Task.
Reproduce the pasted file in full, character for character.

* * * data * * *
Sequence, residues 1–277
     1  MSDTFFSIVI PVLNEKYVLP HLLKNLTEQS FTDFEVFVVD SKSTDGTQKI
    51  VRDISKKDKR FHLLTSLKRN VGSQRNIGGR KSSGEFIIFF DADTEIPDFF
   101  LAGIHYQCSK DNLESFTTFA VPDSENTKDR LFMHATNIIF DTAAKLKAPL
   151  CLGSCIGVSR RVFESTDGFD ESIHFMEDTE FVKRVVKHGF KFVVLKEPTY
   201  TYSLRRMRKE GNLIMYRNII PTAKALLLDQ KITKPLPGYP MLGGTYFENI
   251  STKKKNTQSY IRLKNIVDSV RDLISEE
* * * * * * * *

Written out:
Sequence, residues 1–277
     1  MSDTFFSIVI PVLNEKYVLP HLLKNLTEQS FTDFEVFVVD SKSTDGTQKI
    51  VRDISKKDKR FHLLTSLKRN VGSQRNIGGR KSSGEFIIFF DADTEIPDFF
   101  LAGIHYQCSK DNLESFTTFA VPDSENTKDR LFMHATNIIF DTAAKLKAPL
   151  CLGSCIGVSR RVFESTDGFD ESIHFMEDTE FVKRVVKHGF KFVVLKEPTY
   201  TYSLRRMRKE GNLIMYRNII PTAKALLLDQ KITKPLPGYP MLGGTYFENI
   251  STKKKNTQSY IRLKNIVDSV RDLISEE